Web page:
As you can see the sauce reduced and the meat was almost coming off the bones. It is usual to serve it with the bone on, but the meat just came of the bone as I was serving. So I just served the meat sans (without) bone (the first picture).

We are not connoisseurs of BBQ as they are in the South and Texas, but we thought these were mighty good ribs with BBQ sauce. The sauce; caramelized with the juice from the meat was just the right consistency--ooey-gooey, mildly smokey sweet and sour. The meat had a nice crust and melted in your mouth. We had our usual macaroni salad (Memorial day would not be Memorial day without that) with the addition of black bean corn salad. But this combined with the pizza, and the chicken wings--which had to be tasted as they came off the grill, of course, was way too much food.

As and antidote/libation, we chose shiraz from Maclaren valley, Australia called Clarendon Hills McLaren Valley Piggott Range Vineyard, Syrah 2005. This is a very nice heavy duty shiraz. It stood up against the strong flavorof the BBQed ribs. This one got 97 from Wine Advocate.
97 Points - Wine Advocate
Deep crimson in color with mineral notes, violets, spice box, black pepper, espresso, smoked game, and blueberry aromatics. Deceivingly opulent, it has enough structure to merit 8-10 years of cellaring and should make old bones. Drink it through 2035."

Sunday, June 3, 2012

Pizza BBQed in Weber kettle ピッザバーベキュー

Although I generally don't do anything particularly extraordinary, it appears,  based on the reaction of my dinner guests, that my pizza is not bad, decent pizza. They appear to really like it and some have even been unabashed in trying to emulate what I do. (I suppose this is an ultimate flattery--which I fully support by coaching them in achieving good results). As I posted before, I use a hot oven with a pizza stone but for some time I’ve wanted to make pizza in the Weber kettle. I bought a pizza stone for the Weber more than 1 year ago but I did not have a chance to try it until this Memorial day. I decided to make a pizza Marguerite as shown below.  
Mine is very basic without any special ingredients. The amount here is more than enough to make two pizzas (about 8 inch in diameter). I first added light olive oil (4 tbs) in a pan on low flame. I then add chopped garlic (3 fat cloves, finely chopped) and let it fry slowly for several minutes or until fragrant but not browned. I added one can of whole Italian tomatoes with its juice (cut into small chunks, 15 oz). I seasoned it with dried oregano (1/2 tsp),  dried basil (1/2 tsp), black pepper, and salt. I simmered it  for about 1 hour with a lid off (left upper in the image below). I made a sauce dry without any extra moisture (right upper in the image below).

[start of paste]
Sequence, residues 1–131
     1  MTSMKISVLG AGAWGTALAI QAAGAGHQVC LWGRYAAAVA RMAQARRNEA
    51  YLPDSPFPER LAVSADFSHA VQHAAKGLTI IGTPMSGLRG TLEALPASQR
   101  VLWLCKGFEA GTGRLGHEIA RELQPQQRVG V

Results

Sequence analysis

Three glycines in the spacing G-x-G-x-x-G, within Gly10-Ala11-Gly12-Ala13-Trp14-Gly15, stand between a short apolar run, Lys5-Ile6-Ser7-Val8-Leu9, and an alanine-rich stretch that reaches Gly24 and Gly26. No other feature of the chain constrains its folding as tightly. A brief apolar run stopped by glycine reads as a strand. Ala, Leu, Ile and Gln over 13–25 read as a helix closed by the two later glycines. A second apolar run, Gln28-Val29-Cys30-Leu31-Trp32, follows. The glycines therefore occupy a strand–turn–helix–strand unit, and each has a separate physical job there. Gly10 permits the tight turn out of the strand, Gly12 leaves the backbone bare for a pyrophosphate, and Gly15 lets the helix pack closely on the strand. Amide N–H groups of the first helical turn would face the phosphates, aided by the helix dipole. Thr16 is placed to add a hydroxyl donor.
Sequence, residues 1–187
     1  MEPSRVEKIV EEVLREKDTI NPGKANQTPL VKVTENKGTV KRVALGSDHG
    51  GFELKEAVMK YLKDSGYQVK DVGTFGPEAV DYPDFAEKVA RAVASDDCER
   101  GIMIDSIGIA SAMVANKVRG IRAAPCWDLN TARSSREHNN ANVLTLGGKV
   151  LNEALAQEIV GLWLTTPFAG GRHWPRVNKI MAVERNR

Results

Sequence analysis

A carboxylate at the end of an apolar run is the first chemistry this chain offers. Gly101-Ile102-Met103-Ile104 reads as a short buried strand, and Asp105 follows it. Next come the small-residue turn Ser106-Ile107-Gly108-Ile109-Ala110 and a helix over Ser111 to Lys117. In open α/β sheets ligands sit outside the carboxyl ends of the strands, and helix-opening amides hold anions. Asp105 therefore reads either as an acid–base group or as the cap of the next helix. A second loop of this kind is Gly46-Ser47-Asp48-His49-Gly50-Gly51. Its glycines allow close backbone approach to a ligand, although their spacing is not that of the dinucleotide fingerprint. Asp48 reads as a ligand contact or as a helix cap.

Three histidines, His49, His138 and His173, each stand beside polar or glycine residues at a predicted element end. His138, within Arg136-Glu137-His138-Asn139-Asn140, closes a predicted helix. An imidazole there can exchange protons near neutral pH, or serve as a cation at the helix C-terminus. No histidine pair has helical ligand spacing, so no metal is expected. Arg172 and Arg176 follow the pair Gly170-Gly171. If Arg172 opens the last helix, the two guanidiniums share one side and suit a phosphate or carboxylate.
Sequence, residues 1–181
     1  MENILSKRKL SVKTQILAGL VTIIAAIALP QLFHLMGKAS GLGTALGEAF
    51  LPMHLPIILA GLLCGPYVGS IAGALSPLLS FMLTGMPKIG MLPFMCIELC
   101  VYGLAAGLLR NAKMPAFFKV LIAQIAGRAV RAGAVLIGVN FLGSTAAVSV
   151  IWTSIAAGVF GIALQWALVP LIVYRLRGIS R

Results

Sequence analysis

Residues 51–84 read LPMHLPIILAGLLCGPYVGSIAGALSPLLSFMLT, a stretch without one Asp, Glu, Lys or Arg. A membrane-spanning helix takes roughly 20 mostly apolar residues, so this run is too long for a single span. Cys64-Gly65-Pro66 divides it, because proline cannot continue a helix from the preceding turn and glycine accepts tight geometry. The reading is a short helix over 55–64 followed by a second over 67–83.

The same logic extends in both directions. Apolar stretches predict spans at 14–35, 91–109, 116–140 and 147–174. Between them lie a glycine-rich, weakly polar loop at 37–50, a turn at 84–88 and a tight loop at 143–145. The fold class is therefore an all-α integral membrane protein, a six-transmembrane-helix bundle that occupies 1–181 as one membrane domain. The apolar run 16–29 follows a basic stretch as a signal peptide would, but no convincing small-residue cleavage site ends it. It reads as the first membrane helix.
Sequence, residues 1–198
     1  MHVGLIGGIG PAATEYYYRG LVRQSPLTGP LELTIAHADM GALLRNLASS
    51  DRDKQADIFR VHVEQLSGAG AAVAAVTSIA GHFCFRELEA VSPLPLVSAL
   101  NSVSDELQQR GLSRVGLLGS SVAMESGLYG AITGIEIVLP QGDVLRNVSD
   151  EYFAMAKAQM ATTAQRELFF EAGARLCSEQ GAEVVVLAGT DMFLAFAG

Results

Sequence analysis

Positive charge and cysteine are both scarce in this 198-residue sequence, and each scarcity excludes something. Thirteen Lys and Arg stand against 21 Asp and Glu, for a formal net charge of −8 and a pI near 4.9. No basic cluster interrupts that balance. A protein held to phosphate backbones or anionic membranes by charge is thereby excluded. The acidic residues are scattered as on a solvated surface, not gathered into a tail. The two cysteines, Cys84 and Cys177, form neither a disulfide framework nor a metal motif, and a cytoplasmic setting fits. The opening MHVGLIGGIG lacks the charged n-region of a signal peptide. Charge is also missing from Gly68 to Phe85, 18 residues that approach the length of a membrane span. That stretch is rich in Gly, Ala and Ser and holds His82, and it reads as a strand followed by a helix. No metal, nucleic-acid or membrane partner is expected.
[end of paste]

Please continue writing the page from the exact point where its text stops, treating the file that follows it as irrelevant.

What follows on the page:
: There are quite a few different types of Pizza stones for grills being sold. What I got is semicircular shaped which fits into the 22.5 inch Weber Kettle perfectly and the bottom cutout precisely corresponds with the grill's hinged grate so that you could add coals and wood chips during the cooking. It came with instructions but I could not find them. So I used my common sense but obviously some more refinement is required to perfect pizza made on the Weber grill as you can see below. I prepared the lump hardwood charcoal using a Although I generally don’t do anything particularly extraordinary, it appears, based on the reactions of my dinner guest’s that my pizza is not bad chimney starter as usual. I spread the hot coals in the bottom of the grill, placed the grate and the pizza stone over them. I let the stone warm up with the lid on for 30 minutes. Just before putting on the pizza, I threw in apple wood chips soaked in water.